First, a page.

Volunteerism is a Core Competency
By Sarah Ford on February 7, 2014
By Diane Brady
Whether it’s FedEx (FDX) delivering emergency medicine to disaster areas or Aetna(AET) tackling the health ailments of underserved communities, projects have more impact when they draw on a company’s strengths. Since it launched a bold push last year to curb obesity in its hometown of Camden, N.J., Campbell Soup (CPB)has freed up staff to design school menus and fresh produce displays for local stores. It also granted a food bank access to its production lines to turn wilting donations into 54,000 jars of peach salsa that raised $100,000.
A big donation, while laudable, isn’t the same as a corporate campaign. Facebook(FB) founder Mark Zuckerberg got plenty of kudos for donating $100 million to help fix schools in Newark, N.J. But Facebook itself doesn’t have a formal initiative to harness employees’ brainpower to transform education. Contrast that with AT&T(T): It’s invested more than $100 million in education, and its employees have contributed 270,000 hours to a program that has high schoolers shadow AT&T workers. More than 1 million students have participated, the company says.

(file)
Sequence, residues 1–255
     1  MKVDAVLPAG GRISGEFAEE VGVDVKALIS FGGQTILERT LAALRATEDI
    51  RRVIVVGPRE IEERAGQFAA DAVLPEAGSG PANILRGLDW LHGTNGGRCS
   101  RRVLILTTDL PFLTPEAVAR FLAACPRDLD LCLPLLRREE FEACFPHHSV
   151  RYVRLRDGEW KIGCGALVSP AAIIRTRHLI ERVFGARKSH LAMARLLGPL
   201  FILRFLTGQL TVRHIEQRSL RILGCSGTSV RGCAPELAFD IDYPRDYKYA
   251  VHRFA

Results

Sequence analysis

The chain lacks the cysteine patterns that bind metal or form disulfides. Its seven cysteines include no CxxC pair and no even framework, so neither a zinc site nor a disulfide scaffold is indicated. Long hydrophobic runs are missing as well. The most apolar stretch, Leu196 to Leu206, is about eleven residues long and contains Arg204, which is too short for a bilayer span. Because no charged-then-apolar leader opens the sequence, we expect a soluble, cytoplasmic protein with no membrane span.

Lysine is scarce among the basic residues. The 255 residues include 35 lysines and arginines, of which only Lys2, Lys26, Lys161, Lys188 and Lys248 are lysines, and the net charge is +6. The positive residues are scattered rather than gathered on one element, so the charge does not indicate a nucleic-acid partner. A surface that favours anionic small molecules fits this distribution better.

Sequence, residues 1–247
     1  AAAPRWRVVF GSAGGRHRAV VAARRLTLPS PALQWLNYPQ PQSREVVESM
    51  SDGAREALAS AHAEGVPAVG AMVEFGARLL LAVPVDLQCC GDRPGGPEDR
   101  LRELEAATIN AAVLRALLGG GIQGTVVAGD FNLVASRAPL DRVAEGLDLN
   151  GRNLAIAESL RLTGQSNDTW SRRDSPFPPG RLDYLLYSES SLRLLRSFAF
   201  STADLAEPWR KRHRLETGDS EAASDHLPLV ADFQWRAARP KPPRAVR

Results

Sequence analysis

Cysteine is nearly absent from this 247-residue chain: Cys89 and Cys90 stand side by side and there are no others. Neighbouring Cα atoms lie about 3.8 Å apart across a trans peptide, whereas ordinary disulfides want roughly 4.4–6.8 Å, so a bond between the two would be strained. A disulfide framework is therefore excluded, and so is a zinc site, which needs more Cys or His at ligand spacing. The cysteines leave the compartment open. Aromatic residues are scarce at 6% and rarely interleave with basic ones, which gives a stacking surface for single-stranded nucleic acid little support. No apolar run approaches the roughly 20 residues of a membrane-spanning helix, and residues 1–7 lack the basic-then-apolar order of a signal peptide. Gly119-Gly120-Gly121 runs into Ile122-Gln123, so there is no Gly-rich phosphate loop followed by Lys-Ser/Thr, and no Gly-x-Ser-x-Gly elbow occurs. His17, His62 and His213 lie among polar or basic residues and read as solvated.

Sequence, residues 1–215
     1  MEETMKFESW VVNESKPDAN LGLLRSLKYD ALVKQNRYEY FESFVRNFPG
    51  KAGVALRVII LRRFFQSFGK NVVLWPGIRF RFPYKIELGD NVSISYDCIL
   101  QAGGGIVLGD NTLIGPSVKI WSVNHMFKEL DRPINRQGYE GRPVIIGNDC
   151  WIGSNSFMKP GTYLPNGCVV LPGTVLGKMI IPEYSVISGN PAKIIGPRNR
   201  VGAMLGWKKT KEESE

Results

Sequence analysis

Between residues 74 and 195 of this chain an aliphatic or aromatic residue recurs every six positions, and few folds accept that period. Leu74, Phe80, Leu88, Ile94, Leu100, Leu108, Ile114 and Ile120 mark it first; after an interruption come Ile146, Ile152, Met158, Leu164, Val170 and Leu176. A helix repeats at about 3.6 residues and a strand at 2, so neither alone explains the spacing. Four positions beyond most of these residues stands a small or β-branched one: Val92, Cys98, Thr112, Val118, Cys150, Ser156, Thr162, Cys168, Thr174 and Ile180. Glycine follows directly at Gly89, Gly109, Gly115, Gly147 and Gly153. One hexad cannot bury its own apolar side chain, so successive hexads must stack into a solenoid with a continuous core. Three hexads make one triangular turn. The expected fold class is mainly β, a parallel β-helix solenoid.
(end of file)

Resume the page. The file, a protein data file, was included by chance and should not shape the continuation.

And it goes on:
Of course, some balk at the idea that corporations can or should aspire to be good citizens. Shareholders want the bottom line to come first, and workers might prefer to devote their free time to causes not tied to an employer’s agenda.